Why Turning Contractors Into Employees Hurts Everyone

A California court decision could harm not just businesses but also workers and consumers. And the misguided idea shows signs of spreading to other states.
April 15, 2019 AT 4:00 AM
aerial view of construction worker in construction site
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By C. Jarrett Dieterle  |  Contributor
Director of commercial freedom policy at the R Street Institute

When the California Supreme Court decided to introduce a new test to determine whether workers should be classified as employees instead of independent contractors, the immense costs the decision would create for businesses were immediately clear. Forced worker reclassification for a large swath of the economy -- including everyone from janitors to gig economy workers -- poses a direct threat to many long-standing business models.

Lost in the shuffle, however, has been the reality that workers, consumers and society itself would also feel the harmful impact of the court's ham-handed attempt to change worker status. And the damage could extend well beyond California.

Last year's ruling in a lawsuit by courier drivers for Dynamex Operations West Inc. held that workers were presumed to be employees of a firm, and therefore entitled to the benefits attached to employees, unless the firm could demonstrate otherwise. To do so, the court laid out what has become known as the "ABC Test," requiring that independent contractors (A) must be outside the firm's control while performing their jobs; (B) must be performing a task outside the firm's normal scope of business; and (C) must have made a definitive decision to go into business for themselves.

Based on the ABC Test's broad language, thousands of people who have traditionally been classified as contractors -- such as insurance and real-estate agents, construction workers, personal trainers and gig economy workers -- could be converted to employee status. The costs would be immense. Our organization's analysis estimates that if the Dynamex decision is applied broadly or is codified into state law, Golden State businesses could face additional payroll expenses of as much as $6.5 billion annually.

Yet these costs capture only a small portion of the potential harm. Despite misguided claims to the contrary, it's long been clear that most workers who become freelance contractors or join gig economy platforms do so to smooth income volatility. They are facing unexpected large expenses or a sudden reduction in household income and thus are seeking to supplement their earnings by, say, being a food deliverer or a rideshare driver.

These workers operate as so-called "threshold earners," in that they are trying to achieve a certain amount of earnings and then stop. Rather than seeking to become gig workers for life, then, most of them use such platforms to temporarily supplement income. At a time when the majority of Americans say they would struggle to pay even a $500 car-repair bill, the ability to find quick additional earnings is vital to many people's way of life.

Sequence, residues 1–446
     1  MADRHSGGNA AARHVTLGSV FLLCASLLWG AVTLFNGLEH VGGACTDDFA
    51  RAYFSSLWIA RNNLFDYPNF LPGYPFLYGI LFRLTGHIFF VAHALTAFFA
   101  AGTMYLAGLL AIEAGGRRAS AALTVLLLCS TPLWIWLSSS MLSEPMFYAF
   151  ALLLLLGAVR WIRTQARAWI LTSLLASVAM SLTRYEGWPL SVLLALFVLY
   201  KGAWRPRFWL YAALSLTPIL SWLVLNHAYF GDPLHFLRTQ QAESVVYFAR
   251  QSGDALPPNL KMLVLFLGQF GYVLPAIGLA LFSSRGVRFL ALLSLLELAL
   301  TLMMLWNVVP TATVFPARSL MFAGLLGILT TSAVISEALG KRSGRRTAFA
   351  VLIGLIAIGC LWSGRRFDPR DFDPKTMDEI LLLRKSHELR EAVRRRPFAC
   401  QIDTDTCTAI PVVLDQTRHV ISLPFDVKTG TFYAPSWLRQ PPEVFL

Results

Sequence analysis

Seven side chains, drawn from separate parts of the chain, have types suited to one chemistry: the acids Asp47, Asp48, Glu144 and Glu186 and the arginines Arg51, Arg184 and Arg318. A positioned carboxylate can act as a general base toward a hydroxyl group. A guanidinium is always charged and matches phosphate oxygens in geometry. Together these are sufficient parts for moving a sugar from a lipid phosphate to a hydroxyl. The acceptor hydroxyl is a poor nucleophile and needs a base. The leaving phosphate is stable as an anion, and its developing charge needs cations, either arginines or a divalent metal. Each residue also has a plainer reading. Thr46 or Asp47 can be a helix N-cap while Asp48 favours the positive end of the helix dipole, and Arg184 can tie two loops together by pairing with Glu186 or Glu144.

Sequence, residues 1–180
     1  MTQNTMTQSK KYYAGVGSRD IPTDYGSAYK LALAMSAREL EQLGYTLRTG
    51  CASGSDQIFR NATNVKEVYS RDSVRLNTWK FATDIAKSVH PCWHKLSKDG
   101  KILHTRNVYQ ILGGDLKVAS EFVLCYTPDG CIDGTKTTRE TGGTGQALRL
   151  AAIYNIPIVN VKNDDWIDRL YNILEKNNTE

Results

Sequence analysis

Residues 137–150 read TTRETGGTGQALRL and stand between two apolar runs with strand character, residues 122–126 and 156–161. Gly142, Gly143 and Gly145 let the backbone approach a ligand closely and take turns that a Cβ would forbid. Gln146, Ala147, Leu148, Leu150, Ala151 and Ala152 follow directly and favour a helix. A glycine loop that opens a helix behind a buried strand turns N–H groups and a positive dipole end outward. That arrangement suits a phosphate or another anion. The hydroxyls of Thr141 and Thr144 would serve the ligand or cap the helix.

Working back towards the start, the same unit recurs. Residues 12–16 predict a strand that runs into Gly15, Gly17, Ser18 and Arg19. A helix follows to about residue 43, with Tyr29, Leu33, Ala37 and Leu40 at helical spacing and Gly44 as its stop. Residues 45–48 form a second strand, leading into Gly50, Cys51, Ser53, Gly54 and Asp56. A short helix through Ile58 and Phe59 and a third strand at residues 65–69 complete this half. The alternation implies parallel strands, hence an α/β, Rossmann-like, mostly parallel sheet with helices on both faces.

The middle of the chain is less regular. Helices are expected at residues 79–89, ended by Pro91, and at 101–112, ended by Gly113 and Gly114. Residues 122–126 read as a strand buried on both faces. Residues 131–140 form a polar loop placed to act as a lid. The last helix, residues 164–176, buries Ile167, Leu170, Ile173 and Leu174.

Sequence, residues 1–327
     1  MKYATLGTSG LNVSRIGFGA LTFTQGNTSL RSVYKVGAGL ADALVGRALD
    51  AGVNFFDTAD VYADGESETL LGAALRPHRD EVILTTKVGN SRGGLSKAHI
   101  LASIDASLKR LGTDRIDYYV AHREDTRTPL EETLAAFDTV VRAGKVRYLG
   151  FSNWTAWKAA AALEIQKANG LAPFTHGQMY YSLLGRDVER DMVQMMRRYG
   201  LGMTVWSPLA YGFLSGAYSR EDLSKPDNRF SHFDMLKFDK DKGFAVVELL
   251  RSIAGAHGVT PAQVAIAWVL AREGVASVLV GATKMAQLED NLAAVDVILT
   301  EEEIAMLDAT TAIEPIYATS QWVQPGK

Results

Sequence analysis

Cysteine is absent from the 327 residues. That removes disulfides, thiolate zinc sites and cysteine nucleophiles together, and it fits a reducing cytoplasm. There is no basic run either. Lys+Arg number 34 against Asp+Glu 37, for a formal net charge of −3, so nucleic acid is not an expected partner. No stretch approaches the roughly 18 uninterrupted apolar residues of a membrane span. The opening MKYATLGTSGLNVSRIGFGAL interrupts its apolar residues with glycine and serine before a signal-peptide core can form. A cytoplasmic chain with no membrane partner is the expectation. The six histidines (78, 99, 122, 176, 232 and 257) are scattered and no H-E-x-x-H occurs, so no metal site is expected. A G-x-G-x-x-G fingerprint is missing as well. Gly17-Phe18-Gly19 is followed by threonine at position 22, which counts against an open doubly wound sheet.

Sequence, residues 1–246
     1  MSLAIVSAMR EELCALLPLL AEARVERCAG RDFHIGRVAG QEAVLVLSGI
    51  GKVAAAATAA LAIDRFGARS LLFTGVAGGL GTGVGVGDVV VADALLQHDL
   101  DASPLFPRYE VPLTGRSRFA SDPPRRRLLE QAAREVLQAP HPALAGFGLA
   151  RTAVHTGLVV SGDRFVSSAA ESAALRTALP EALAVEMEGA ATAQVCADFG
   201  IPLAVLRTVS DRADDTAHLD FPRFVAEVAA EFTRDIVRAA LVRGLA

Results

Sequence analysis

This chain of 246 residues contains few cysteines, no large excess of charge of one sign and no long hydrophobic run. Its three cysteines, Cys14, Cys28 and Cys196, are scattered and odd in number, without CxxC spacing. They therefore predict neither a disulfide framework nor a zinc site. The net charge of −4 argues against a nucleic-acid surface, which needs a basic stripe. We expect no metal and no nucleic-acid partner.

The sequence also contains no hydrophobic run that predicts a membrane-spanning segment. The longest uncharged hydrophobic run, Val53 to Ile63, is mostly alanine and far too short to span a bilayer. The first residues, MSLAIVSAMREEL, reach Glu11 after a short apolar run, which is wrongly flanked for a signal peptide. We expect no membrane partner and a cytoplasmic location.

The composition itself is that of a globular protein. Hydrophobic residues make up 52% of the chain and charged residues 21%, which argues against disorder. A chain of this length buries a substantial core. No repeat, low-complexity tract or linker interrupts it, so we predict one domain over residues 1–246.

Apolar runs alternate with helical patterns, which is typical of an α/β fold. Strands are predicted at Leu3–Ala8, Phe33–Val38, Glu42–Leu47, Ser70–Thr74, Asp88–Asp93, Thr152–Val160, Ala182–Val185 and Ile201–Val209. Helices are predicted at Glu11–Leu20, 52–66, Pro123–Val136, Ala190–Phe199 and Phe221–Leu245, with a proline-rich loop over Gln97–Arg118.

Forcing contracting firms to reclassify workers as employees would make this quick access to supplemental income more complicated. As it stands, finding ready income can be as easy as switching on an app -- a model that benefits both workers and consumers, as a flexible labor supply makes it easier to meet unexpected periods of customer demand. But converting these workers to employees would mean they suddenly could qualify for overtime, forcing businesses to turn to complicated shift-scheduling systems.

This would mean that workers could not necessarily choose when they wanted to work and that firms would no longer be able to match periods of increased demand with more workers, both of which are key benefits of the on-demand economy. So, for example, a single mother who wants to spend a few hours a night as a gig economy worker might no longer have that option. The forced conversion of workers from 1099s to W-2s would have other perverse policy consequences. It could, for example, affect unemployment insurance eligibility as well as a worker's ability to deduct businesses expenses for taxes.

While some might be tempted to chalk off these issues as an only-in-California problem, the reality is that reclassification efforts have already started spreading to other states. Lawmakers in Washington state, for example, are considering legislation that would embed an ABC Test in its labor laws. California, which is so often seen as a policy bellwether, could set off a wave of forced worker reclassification across the country.

There are better policy alternatives that could provide a safety net for workers while maintaining their flexible status. Perhaps the most promising idea is a flexible "third-way" status that would create a new category of worker -- something between an independent contractor and an employee. This status could be coupled with a flexible benefits package that would provide workers with a variety of non-cash benefits more traditionally associated with salaried employees.

Although the details of such a third-way status would need to be hashed out among lawmakers and other policymakers, it's clear that modernizing labor law this way would be a much better answer than forcing 21st-century labor markets to march down the road of forced reclassification. Nuanced public policy issues deserve nuanced answers -- not poorly thought-out ideas that just create more problems.